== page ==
Take the Boy Out the North…

Graham NashBut you can’t take the north out of the boy, as I heard today while listening to an interview with Graham Nash on the Danny Baker Show podcast. Despite living in the US for so long, behind the mid-Atlantic accent there lurks the Lancastrian vowel shifts of his native Blackpool.

It’s a strange mix and not one necessarily confined to someone who has made it big in the States. If you close your eyes, he sounds not unlike the ageing Sheffield lothario, Yorkshire Pudding Peter Stringfellow.

It’s reassuring, in a way, to realise that I’m not the only one stuck with flat vowels!



Nobody’s prefect. If you find any spelling mistakes or other errors in this post, please let me know by highlighting the text and pressing Ctrl+Enter.

1 comment… Add yours
  • Trevor Rowley 28th May 2016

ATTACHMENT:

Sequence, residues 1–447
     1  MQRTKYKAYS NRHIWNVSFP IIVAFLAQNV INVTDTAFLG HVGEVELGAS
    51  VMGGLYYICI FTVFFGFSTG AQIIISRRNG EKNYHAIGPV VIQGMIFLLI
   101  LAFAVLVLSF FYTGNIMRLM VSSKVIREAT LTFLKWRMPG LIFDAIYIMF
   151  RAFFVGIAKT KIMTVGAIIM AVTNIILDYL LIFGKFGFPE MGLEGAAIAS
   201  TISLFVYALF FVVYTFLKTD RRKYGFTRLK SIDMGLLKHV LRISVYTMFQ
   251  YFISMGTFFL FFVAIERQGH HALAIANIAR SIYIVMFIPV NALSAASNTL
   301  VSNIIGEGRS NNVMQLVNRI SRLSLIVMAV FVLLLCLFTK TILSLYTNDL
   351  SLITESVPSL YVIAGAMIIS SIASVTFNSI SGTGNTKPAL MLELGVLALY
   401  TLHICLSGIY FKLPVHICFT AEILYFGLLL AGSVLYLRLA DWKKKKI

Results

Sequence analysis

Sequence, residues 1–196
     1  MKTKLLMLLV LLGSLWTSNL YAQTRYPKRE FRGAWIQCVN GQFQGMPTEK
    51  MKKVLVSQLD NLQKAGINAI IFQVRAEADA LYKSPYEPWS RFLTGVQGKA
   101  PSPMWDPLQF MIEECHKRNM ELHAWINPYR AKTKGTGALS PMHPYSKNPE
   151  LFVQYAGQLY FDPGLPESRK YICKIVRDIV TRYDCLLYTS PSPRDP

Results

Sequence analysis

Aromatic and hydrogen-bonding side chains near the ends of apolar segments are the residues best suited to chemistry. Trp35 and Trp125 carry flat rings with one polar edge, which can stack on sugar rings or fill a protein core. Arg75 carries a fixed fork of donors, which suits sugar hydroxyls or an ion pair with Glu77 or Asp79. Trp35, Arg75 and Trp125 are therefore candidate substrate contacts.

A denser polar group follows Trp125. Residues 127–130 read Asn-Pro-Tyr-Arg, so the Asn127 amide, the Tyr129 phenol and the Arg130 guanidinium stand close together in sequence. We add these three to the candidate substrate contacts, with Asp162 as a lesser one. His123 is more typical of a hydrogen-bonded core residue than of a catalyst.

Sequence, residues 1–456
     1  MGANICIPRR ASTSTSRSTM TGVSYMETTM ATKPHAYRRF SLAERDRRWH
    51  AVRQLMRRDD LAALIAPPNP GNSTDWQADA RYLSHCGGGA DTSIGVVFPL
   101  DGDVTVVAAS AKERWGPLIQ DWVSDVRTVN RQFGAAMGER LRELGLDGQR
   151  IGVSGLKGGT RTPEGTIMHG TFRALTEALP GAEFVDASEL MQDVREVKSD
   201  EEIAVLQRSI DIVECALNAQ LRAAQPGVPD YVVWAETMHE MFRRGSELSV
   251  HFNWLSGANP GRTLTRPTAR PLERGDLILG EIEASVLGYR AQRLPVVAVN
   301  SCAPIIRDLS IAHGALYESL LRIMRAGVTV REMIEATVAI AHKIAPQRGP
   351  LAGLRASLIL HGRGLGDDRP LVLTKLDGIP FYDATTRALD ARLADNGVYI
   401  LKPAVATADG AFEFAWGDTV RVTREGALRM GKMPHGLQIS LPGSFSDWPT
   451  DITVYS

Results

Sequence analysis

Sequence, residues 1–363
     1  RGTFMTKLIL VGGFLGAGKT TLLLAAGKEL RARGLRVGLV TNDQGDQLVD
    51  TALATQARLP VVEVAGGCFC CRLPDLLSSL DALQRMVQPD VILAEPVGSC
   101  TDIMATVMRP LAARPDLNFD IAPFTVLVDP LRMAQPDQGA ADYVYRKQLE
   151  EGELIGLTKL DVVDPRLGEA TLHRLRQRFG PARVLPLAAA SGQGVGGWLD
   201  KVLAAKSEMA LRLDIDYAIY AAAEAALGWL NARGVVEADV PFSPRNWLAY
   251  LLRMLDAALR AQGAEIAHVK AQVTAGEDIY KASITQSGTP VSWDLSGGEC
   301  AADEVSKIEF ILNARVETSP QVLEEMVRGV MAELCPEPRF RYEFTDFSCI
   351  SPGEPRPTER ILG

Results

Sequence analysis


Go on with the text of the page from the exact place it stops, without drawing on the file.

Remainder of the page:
I always found Graham Nash to be rather “full of himself.” Admittedly, a talented performer but I was always drawn to his eagerness to impress, which seemed so “seethrough”. The rest of the group were superb in my view – Bobby Elliott and Tony Hicks still perform and have lost none of their ability to show that they are magicians at their craft. Alan Clarke seems to have opted for semi-retirement. The mystery man seems to be Eric Haydock, who featured more than effectively on bass but who left the group under something of a cloud when they were at the height of their popularity. Generally speaking, I always felt that the Hollies were never given the full credit that they deserved and were always seen as a rather lightweight, pop act. The fact that they seemed to dedicate themselves to creating quality popular music rather than flaunting their celebrity (a la Beatles, Rolling Stones for example) was perhaps destined to see them fade from the top of the musical tree. Underneath it all, they were just honest, decent Northern working class lads who, hopefully, enjoyed their day in the sun.


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